Published on November 24th, 2015 |1
NPU-B zoning review of Brand Properties project may draw crowd
Howard, who also is president of the Alhambra’s homeowner association board, earlier posted an online plea to fellow condo owners and/or BCA supporters: “The Alhambra’s board is asking for your support in its effort to oppose the proposed site plan for Brand Property’s development” at 2815-2839 Peachtree Road.
“We would ask that you send the following information and plea to your owners and networks in hopes of showing the NPU-B board that A.) Condos deserve a place at the table and B.) This development’s site plan is sub-par,” Howard wrote online.
Howard posted that “the Alhambra currently has a significant portion of its units on record (it turns out the 19 is less than a third of the Alhambra’s 65 condo units) as against the proposed development based on two main issues:” 1.) The current site plan calls for a new driveway on Peachtree and 2.) The Transitional Height Plane of the building as it is currently zoned will evaporate if the rezoning is accepted (C-1 to MRC-2).
“The Alhambra, and other neighbors and citizens believe that this new ‘curb-cut’ will increase traffic as well as endanger safety to pedestrians in the area since the plan calls for two retail outlets (both presumably restaurants) to go into the ground floor increasing the pedestrian presence,” Howard wrote.
Regarding the transitional height plane, Howard wrote, “This will allow Garden Hills (neighborhood association) and the developer to push the property all the way up to Peachtree, creating a building that will sit around 50′ away from the Alhambra with 135′ of total height vertically from the Peachtree elevation. This will be much taller than our building and will impact our quality of life.”
Howard, who admittedly has been in discussions for months with both Garden Hills Civic Association representatives and the developer, wrote, “Despite our best efforts, our neighborhood Garden Hills, has opted to support the development making the opposition that much more difficult.”
In a call to action, Howard urged, “We ask that at a minimum you take five minutes and review, sign and possibly share via social media our petition that was drafted to target the driveway on Peachtree.” The petition can be found here.
“If you are really interested in helping preserve what is left of Peachtree, we would also ask that you join residents of the Alhambra at the NPU-B Zoning meeting next Tuesday evening to voice your opposition in person to this group of Buckhead community volunteers that will help to shape the future for this development and this site plan,” Howard wrote online.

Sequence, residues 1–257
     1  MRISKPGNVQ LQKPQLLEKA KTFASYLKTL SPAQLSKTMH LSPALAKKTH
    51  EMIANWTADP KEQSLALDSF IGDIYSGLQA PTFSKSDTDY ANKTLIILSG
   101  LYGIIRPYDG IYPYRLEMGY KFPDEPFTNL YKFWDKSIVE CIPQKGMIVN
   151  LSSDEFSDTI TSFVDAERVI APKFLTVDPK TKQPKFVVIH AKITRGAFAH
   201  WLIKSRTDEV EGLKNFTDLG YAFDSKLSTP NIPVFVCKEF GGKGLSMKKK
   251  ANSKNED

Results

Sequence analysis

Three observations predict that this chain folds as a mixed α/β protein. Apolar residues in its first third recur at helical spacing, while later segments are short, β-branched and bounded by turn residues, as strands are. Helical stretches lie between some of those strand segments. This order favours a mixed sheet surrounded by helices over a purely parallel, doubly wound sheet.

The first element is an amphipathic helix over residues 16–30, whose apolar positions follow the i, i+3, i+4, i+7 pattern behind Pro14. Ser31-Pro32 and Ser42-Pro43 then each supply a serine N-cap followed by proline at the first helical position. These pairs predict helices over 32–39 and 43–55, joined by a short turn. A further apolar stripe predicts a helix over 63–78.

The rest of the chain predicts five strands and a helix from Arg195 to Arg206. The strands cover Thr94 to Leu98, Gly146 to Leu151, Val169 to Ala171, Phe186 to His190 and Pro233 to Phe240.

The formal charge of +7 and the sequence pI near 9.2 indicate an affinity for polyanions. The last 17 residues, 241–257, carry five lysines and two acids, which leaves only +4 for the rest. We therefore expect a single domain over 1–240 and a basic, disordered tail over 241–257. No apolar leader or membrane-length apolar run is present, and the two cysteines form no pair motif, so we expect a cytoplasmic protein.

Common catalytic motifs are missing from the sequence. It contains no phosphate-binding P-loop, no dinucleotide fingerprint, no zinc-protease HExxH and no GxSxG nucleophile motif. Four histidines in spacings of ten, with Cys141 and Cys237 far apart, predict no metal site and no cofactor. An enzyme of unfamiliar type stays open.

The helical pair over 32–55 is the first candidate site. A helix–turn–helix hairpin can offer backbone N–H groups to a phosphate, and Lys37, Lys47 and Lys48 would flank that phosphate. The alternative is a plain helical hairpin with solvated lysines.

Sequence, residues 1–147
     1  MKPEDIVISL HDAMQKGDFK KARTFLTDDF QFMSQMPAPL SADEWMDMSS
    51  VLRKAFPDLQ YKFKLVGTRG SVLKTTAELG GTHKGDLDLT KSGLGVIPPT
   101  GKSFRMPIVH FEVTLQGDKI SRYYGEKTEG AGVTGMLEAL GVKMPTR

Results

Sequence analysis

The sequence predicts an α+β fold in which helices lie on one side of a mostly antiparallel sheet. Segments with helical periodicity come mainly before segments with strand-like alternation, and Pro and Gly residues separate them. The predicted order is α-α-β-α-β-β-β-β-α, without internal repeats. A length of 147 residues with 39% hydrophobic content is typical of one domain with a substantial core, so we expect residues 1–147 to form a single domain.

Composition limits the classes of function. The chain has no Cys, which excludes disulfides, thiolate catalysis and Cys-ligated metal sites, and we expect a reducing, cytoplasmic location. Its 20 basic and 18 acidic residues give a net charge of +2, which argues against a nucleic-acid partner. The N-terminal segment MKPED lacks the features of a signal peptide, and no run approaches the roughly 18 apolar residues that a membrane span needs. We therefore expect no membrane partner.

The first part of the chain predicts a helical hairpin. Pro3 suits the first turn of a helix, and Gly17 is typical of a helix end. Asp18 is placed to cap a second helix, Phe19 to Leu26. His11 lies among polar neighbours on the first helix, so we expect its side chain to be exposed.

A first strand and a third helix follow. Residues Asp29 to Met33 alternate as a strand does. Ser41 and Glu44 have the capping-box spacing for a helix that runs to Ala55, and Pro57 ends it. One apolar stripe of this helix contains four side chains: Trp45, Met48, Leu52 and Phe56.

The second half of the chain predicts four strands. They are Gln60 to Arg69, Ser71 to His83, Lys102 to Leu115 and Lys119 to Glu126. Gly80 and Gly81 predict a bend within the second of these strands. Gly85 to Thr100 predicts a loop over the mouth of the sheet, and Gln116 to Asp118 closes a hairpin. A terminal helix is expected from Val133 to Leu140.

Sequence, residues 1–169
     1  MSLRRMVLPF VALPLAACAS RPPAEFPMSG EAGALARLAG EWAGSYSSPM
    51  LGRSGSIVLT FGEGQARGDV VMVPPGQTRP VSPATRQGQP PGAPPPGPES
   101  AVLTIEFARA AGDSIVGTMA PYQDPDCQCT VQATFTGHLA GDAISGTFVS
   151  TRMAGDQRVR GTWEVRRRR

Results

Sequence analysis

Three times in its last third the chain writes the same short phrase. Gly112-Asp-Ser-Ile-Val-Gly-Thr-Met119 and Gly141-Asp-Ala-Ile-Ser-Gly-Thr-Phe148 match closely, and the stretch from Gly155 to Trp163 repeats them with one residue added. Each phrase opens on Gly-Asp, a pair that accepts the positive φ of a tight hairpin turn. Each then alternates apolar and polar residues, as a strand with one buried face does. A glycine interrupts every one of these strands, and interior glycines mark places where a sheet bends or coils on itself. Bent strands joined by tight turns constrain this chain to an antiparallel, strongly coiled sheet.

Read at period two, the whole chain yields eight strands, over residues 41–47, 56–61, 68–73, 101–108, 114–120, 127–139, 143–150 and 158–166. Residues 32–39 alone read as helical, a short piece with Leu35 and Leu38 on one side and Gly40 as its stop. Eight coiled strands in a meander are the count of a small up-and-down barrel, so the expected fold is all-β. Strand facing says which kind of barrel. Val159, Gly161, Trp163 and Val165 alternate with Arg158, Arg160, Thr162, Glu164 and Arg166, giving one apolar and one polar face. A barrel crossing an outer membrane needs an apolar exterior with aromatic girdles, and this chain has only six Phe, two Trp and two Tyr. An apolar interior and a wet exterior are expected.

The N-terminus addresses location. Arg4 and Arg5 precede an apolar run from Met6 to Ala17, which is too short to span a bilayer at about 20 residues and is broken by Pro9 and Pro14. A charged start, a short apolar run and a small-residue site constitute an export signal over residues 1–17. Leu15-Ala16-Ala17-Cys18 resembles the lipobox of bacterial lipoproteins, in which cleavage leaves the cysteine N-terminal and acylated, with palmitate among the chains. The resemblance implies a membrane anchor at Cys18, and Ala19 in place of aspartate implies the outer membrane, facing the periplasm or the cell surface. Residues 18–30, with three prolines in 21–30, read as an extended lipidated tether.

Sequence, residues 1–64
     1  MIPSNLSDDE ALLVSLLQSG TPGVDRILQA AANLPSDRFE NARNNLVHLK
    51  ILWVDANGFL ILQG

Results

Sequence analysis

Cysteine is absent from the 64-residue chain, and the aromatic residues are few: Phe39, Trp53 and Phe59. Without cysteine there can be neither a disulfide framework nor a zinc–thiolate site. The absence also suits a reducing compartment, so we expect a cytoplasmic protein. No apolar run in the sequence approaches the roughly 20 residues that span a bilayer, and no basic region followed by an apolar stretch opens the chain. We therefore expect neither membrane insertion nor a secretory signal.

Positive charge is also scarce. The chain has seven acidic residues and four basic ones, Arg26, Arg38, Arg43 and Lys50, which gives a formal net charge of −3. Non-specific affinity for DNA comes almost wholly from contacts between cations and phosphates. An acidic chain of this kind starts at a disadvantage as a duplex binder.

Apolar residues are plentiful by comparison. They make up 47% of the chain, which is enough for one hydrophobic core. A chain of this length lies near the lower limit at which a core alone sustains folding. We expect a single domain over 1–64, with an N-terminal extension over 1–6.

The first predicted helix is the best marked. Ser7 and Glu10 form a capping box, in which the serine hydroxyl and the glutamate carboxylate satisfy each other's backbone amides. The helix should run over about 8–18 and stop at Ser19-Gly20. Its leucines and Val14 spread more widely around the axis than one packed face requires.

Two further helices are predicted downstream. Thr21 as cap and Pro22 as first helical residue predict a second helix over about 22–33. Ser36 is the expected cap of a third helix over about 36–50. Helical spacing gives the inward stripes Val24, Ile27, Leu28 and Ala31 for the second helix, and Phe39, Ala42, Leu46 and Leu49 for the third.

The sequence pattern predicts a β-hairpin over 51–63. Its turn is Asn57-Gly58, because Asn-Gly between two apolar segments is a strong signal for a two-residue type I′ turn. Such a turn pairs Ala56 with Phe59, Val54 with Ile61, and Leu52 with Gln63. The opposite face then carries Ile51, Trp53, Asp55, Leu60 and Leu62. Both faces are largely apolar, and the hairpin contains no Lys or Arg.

The NPU-B Zoning Committee meeting is at 7 p.m. tonight, Nove. 24, at The Cathedral of St. Philip, 2744 Peachtree Road. There will be a posting of the room number for the meeting in the main atrium.
There were many people who signed the petition online, but it is difficult to determine who among those signees live within view of the
development site, since the only address recorded by their names is “GA”.
In response to a question from BuckheadView concerning where these people live, Howard responded that is not important. “All voices are valid, commuters and neighbors alike. This is a state route and is arterial in nature. Anyone who uses it should be able to voice an opinion especially since GDOT, a state agency, will ultimately get the final say.”
(BuckheadView did recognize some of the names on the list and knows they do not live close to the development site.)
Normally, the NPU-B Zoning Committee pays primary attention to the position of association which represents the neighborhood where the property is located and then also will listen to neighbors who live adjacent to the property in question. But not to people who are just passersby.
The Alhambra, along with three other condominium buildings along the east side of Peachtree Road (Gallery, The Carlyle and The Phoenix) all are located within the boundaries of the Garden Hills neighborhood, but are not members of the Garden Hills Civic Association (GHCA).
BuckheadView does know that GHCA representatives and the developer listened to arguments and requests from individuals from both Alhambra and Gallery who were opposed to certain aspects of the proposed new development.
However, GHCA last week voted overwhelmingly to support the proposed development with certain conditions. Neither of Alhambra’s two points of opposition were included in the conditions approved by the GHCA board.
The Buckhead Condo Alliance, of which Howard is president, does claim membership that includes Alhambra, Gallery, The Carlyle and 2828, which is across Peachtree Road from the development site and looks down upon it. Also across Peachtree is the Crestwood condominiums. All are in view of the proposed development.
However, the Buckhead Condo Alliance does not have official recognition and a seat at the table of NPU-B as Garden Hills and other official city of Atlanta neighborhoods do. Therefore, BCA has no actual vote on the zoning issue before the NPU-B Zoning Committee.
It is also the understanding of BuckheadView that Alhambra is the only one of those condominium buildings that has actually polled its unit owners on their positions on the proposed development. Gallery did not poll the owners of its 203 condo units, for instance.
It will be interesting to see who and how many show up at the NPU-B Zoning meeting tonight at 7 p.m. and whether they are in favor or opposed to the proposed Brand Properties mixed-use office/retail development.